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The Gray Area: Investigating Transitional Slip Behavior Through Observational Seismology

Creative Commons 'BY-SA' version 4.0 license

Slow earthquakes essentially represent a gray area of the slip spectrum, where regular fast slip earthquakes and aseismic creep constitute the spectrum’s end members. Since their discovery in 2003 [Rogers and Dragert, 2003], increasing seismic observations, in addition to models, geodetic observations, and laboratory studies, have helped elucidate the nature of these events that vary quite vastly amongst themselves. Empirically, however, they share a linear moment rate scaling law that distinguishes them from regular earthquakes [Ide et al., 2007]. Slow earthquakes include, but are not limited to, low frequency earthquakes (LFEs), tremor, very low frequency earthquakes (VLFEs), slow slip events (SSEs), and episodic tremor and slip (ETS) events. Each type of these events has distinctive properties that makes their detection challenging. Furthermore, their relationships to each other remains unclear, particularly in terms of source properties. They may be important in the context of regular earthquakes and seismic hazard assessment as they appear to have a correlation with large events. Some slow earthquakes have been observed spatiotemporally preceding regular earthquakes such as the 2011 Mw 9.0 Tohoku earthquake [Kato et al., 2012] and the 2014 Mw 8.1 Iqueique earthquake [Ruiz et al., 2014]. Additionally, a region near the trench known to produce VLFEs ruptured coseismically during the Tohoku earthquake producing a larger earthquake and tsunami than was previously anticipated [Ide et al., 2012]. Ultimately, more observations and studies are required to understand the mechanical properties of slow earthquake source physics and to understand their greater role in the earthquake cycle.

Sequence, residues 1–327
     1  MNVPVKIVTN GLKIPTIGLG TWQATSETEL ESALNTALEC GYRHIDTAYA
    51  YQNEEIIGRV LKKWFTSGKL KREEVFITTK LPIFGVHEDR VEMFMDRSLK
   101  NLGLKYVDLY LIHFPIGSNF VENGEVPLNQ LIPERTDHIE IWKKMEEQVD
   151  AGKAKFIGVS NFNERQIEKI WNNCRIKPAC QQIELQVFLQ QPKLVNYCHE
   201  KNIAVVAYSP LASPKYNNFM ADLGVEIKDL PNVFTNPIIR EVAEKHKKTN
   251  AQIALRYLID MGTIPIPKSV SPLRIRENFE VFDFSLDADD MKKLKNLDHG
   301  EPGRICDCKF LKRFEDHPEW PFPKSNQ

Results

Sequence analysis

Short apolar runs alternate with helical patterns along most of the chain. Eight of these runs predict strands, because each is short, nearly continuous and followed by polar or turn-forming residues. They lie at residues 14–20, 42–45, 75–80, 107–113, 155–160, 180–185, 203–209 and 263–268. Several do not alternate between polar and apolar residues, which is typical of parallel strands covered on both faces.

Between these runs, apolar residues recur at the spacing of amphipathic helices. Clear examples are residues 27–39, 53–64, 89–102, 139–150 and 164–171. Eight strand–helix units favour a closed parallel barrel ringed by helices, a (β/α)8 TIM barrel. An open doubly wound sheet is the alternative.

The research shared herein describes a variety of observations of slow earthquakes in discrete tectonic settings. The first section of this thesis examines a locked section of the San Jacinto Fault – a non-plate boundary transform fault – called the Anza Gap. The study begins in chapter 2 by introducing the detection of ambient tectonic tremor [Hutchison and Ghosh, 2017], likely acting as a seismic manifestation of slow-slip or deep creep. The latter chapter within this section, chapter 3, examines a series of teleseismically triggered tremor and small earthquakes leading up to the June 10, 2016 Mw 5.2 Borrego earthquake. This cascade of tremor and foreshocks is interpreted to signify seismic manifestations of deep creep triggered by the energy from two distant earthquakes that occurred earlier in the day. The second section of this thesis focuses on VLFEs in the Cascadia subduction zone, a plate boundary where the Juan de Fuca plate is subducting beneath the North American plate. The first chapter in this section (chapter 4) uses grid search centroid moment tensor inversion during the 2014 ETS event to detect VLFEs. Unlike previous studies where VLFEs and tremor are spatiotemporally coincident, tremor and VLFE are only quasicoincidentally occurring during this ETS event, indicating for the first time that VLFE and tremor may have discrete sources. Chapter 5 successfully employs matched filter analysis for VLFEs detection in Cascadia, indicating that VLFEs are repeating events, generating a high resolution temporal catalog for the 2011 and 2014 ETS events. These data are compared to SSE data in both ETS events. VLFEs acts as an accurate proxy for both SSEs, even when tremor does not. This further indicates that tremor and VLFEs may have discrete source mechanics, though they may both be related through slow-slip. In addition, an inter-ETS VLFE catalog shows sustained background VLFE activity throughout the inter-ETS period. Finally, in Chapter 6, a grid-search centroid moment tensor inversion VLFE catalog is created between the 2011 and 2014 ETS events. This allows for further investigation of VLFE behavior, particularly during inter-ETS periods. These new observations further underscore a quasi-spatiotemporal relationship between VLFE and tremor, suggesting an underlying process that uniting these events. Through these observations, I propose that there are ongoing small, and largely undetectable SSEs that are manifested through inter-ETS slow earthquake seismic signatures, "mini-ETS" events, and that these events would fill the gap in the slow earthquake scaling law [Ide et al., 2007]. These observations support the Colella et al., [2011] rate- and state- dependent friction models that suggest a non-linear scaling relationship between moment and duration. I also propose slow-slip is the driving mechanism uniting all slow earthquake activity, or the gray area, of the slip spectrum [e.g. Wech and Bartlow, 2014, Wech et al., 2009, Bartlow et al., 2011].

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